Campaign launched over 'dazzling' HID car headlamps

By Sangita Myska
BBC News

image captionHID headlamps are at least 50% brighter than traditional halogen ones

A row is developing among car enthusiasts and road users about the potential risks of super-bright headlights.

The headlamps - called HIDs and commonly referred to as bi-xenon - are much brighter than traditional headlights and are sold as a safety feature. But some road-users claim they are often dazzled by the lights, making pedestrians and cyclists difficult to see.

The man behind a campaign trying to get the lights better regulated is Ken Perham.

Mr Perham has been a night-time London cabbie for 38 years. During that time he says he's seen the good, the bad and the ugly when it comes driving.

It has made him passionate about road safety, and it's what has led the 60-year-old to launch an online campaign, called Lightmare.

The campaign is demanding better regulation and safety testing of what he claims is a new menace on the roads - High Intensity Discharge (HID) headlamps.

"Without a doubt, the lights are intimidating you so badly that you have to change the way you drive and that isn't right," he said.

"It's just vehicle after vehicle after vehicle, with lights that look like they're on full beam when they are actually on dip, they're that good."

The law states vehicle lights must not be used in a way that dazzle other road users. Not surprising when one considers that dazzling headlights accounted for 365 road traffic accidents in 2009, three of them ending in the loss of life.

HID headlamps are at least 50% brighter than traditional halogen headlights and tend to be found on higher-end cars.

media captionLondon cabbie Ken Perham is the man behind the campaign

Halogens give off a soft yellow-tone light. HIDs or bi-xenons give off a white-blue light and show up much more of what's ahead. That is the reason many drivers who have them, like them.

'Glare and discomfort'

Mr Perham, who is being backed by the Driving Instructors Association and the British Motorcyclists Federation, isn't worried about the drivers who have HIDs.

It's those on the receiving end that he is concerned about. He claims that drivers with halogen lights can be so dazzled that other road-users could be at risk.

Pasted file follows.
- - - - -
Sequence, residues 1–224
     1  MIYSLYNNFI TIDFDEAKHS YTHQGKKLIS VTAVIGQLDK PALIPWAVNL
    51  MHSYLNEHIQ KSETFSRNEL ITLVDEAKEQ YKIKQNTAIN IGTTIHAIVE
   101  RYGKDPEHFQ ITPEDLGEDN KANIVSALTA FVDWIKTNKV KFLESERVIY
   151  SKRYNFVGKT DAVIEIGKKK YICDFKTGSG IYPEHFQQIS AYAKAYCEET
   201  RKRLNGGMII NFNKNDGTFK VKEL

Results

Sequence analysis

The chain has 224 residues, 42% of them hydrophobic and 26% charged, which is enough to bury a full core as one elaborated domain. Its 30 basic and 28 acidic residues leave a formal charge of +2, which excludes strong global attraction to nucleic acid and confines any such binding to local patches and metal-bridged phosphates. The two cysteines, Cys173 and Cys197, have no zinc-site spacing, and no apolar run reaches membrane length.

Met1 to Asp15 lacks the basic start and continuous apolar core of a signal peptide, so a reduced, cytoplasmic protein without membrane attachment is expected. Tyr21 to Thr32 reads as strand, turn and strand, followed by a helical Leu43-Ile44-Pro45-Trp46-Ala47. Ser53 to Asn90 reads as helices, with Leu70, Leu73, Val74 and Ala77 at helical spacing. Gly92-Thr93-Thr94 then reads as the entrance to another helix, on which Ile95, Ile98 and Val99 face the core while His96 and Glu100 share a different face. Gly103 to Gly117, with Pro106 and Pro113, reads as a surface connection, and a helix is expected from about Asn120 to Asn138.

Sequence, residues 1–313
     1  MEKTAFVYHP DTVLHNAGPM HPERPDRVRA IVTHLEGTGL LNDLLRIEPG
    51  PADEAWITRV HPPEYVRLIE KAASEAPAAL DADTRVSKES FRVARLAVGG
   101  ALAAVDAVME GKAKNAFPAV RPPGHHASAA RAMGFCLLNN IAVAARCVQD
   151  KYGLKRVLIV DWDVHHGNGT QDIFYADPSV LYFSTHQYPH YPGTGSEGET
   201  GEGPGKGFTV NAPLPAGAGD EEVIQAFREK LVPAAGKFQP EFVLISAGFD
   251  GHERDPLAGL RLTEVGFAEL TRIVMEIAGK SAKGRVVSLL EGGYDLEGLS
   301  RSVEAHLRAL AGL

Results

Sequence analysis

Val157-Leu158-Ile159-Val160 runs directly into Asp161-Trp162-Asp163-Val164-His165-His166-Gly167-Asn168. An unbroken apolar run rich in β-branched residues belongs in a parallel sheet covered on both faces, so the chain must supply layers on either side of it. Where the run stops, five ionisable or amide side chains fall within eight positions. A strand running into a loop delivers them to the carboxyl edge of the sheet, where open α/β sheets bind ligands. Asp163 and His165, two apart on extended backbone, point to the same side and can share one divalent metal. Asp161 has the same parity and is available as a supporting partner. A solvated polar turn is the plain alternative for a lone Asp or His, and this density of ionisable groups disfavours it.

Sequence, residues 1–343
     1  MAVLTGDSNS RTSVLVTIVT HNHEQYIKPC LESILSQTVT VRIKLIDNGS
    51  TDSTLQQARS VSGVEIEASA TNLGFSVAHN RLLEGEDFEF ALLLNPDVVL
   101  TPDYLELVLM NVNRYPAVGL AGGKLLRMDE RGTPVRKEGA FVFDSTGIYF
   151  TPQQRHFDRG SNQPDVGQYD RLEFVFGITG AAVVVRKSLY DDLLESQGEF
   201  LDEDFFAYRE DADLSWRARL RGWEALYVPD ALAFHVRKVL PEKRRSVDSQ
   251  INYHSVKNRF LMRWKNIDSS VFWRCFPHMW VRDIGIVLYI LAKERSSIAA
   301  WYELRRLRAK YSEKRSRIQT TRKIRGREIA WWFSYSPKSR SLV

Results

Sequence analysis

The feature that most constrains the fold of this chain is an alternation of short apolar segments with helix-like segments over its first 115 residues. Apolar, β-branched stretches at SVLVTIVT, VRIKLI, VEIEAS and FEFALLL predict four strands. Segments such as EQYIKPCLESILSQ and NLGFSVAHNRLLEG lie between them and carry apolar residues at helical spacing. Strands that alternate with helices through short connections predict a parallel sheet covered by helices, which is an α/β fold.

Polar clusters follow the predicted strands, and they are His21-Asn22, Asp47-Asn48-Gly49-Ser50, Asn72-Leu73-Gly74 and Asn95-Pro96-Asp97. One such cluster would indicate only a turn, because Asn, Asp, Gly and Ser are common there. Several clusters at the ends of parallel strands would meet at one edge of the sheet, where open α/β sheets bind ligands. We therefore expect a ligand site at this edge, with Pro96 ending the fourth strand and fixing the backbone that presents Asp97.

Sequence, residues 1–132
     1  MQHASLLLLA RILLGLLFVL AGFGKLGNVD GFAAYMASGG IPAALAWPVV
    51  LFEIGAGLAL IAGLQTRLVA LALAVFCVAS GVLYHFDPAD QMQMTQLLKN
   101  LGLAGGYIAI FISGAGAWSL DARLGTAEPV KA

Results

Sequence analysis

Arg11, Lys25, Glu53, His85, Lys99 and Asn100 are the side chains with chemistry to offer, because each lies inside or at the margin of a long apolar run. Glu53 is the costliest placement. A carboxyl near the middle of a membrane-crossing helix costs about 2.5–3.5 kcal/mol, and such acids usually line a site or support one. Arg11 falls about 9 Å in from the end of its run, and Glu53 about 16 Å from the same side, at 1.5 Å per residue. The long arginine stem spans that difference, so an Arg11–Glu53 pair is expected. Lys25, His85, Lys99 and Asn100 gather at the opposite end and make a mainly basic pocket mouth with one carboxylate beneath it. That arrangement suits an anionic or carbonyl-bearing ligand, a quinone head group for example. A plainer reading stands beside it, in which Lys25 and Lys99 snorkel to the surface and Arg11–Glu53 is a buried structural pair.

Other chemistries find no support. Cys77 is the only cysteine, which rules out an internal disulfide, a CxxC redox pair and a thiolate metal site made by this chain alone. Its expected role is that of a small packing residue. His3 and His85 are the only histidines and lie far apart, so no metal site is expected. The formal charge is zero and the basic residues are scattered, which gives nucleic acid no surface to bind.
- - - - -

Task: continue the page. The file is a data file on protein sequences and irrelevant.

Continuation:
And that's a view backed by some eye experts, including Geoffrey Roberson from the Association of Optometrists.

"They [drivers with halogen lights] are not going to see as well or as far because their headlamps aren't as powerful - and they are going to have extra glare and discomfort that's produced by the HID headlamps.

"The consequence of that, maybe, is that they are less able to see pedestrians, cyclists, that sort of thing," he said.

Mr Roberson added that there was also evidence that, at 60, Ken's age could be making his problem with HIDs worse.

"We know the older age groups suffer more from glare-related problems so [as HIDs are brighter] they will get more dazzling glare."

Mr Perham, however, remains convinced the problem is not unique to older drivers.

But Paul Everitt, from the Society of Motor Manufacturers and Traders, dismisses the claims.

"High intensity lighting [headlamps] have been solely developed to improve road safety - they are part of what is a quite sophisticated lighting system.

"They are designed to ensure that the light is focused on the road. I think glare is a problem for all road users so I don't buy that [HID headlamps] are more dazzling, or more likely to dazzle, than any other headlamp."

Car makers say HIDs meet European standards and go through extensive testing by manufacturers.

Even so, Mr Perham remains unconvinced and says he and his supporters will continue their campaign.

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